Although economic costs of environmental regulations are widely debated, there is limited empirical evidence on the magnitude of these economic costs and the extent to which these costs persist over time. This paper quantifies the short-run and long-run efficiency costs of air quality regulations on the U.S. electricity production sector. The analysis draws on newly digitized annual, plant-level data on the vast majority of U.S fossil fuel fired power plants from 1938-1999. This sample allows us to examine the U.S. electricity industry both before and after the implementation of the National Ambient Air Quality Standards (NAAQS) in 1972. To estimate the economic costs, we utilize a difference-in-differences framework where counties face different environmental regulations as they move in and out of attainment with NAAQS over time. We find that plants located in non-attainment counties experienced declines in TFP and production of 6.3% and 7.0%. The effects of nonattainment on TFP and generation are persistent over time. This suggests that existing plants did not adapt to environmental regulations such as NAAQS even in the long run.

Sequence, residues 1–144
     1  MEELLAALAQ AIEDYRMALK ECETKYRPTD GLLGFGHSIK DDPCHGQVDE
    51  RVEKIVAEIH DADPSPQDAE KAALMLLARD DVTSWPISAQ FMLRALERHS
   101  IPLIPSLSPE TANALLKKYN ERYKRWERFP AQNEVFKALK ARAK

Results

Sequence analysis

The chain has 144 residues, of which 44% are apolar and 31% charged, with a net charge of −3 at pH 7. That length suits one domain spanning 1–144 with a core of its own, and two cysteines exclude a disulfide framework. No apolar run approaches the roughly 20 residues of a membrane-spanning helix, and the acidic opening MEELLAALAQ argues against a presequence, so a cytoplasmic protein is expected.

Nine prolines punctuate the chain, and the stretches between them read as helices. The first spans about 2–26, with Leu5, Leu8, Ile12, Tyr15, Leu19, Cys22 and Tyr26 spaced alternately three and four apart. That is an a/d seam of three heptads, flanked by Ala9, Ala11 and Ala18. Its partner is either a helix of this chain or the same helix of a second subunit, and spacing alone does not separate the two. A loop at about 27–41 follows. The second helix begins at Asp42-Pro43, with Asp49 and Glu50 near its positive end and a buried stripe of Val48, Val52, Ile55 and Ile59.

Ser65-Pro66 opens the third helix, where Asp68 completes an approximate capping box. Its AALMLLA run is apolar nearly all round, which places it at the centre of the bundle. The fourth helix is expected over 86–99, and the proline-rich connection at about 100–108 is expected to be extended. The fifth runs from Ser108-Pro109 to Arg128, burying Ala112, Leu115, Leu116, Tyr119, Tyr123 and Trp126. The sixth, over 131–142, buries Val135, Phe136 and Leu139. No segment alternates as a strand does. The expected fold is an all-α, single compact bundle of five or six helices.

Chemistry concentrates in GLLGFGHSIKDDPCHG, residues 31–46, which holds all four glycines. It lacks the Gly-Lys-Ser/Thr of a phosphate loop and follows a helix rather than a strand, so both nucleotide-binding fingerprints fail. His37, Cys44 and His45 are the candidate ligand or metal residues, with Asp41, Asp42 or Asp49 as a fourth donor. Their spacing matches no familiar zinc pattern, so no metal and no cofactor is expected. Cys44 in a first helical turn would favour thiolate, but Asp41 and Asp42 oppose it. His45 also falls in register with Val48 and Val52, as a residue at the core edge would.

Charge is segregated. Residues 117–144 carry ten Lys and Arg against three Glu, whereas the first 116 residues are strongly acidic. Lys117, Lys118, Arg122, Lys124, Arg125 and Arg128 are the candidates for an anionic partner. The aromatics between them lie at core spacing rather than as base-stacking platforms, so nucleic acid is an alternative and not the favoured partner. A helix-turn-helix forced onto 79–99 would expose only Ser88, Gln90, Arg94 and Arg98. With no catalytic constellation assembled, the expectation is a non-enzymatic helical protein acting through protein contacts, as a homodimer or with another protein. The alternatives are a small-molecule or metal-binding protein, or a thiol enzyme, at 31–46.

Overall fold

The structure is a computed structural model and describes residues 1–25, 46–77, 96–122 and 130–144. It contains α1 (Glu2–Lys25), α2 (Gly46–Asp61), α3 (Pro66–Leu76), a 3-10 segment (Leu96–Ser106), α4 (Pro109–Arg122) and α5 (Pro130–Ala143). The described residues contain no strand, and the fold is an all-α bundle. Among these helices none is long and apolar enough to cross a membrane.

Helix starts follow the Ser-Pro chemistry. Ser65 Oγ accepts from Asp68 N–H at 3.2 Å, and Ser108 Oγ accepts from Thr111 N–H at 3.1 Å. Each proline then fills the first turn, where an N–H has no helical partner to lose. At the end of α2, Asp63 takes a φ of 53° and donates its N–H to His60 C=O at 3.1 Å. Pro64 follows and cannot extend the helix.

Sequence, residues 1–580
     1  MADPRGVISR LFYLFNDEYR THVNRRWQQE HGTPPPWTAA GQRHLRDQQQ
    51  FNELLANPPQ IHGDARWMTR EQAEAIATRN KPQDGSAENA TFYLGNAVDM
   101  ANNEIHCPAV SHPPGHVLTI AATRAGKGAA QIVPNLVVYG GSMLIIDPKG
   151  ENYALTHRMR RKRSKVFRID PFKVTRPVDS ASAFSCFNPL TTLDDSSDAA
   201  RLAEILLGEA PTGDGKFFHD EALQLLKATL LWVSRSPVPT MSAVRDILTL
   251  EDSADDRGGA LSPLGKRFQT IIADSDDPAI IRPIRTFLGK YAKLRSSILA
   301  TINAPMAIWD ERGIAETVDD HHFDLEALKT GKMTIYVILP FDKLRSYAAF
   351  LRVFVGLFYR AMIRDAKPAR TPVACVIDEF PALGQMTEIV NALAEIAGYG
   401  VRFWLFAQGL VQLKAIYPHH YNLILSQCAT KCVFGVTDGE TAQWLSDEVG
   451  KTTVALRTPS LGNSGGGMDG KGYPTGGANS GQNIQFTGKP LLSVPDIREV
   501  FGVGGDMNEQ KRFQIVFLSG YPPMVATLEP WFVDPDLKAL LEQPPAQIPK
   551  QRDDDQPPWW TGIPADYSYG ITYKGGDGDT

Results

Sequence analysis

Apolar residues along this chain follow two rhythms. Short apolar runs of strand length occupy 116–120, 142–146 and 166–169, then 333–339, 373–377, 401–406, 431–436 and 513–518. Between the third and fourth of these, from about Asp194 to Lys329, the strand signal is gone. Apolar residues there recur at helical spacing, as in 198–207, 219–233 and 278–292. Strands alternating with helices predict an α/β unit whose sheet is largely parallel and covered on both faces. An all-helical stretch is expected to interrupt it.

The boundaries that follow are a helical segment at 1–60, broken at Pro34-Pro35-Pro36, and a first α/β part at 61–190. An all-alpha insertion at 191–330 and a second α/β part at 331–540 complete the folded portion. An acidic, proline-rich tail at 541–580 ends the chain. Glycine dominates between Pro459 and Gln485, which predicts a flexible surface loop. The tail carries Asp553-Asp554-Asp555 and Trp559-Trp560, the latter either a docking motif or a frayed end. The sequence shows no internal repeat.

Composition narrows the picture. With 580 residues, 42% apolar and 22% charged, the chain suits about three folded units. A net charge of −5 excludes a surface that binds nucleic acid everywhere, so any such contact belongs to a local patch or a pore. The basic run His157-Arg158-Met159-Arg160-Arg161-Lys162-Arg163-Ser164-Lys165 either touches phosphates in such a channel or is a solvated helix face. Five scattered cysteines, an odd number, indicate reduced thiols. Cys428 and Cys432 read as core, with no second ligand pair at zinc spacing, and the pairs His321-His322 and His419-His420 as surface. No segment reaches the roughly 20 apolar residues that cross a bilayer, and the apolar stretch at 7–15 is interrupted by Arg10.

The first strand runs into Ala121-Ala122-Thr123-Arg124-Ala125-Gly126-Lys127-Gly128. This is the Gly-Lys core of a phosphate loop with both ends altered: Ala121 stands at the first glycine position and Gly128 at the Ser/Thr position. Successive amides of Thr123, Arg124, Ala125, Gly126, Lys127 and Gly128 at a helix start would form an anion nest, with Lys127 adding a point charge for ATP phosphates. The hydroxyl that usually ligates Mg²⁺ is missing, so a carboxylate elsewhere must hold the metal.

Speaker: Karen Clay, Carneigie Mellon Univ.
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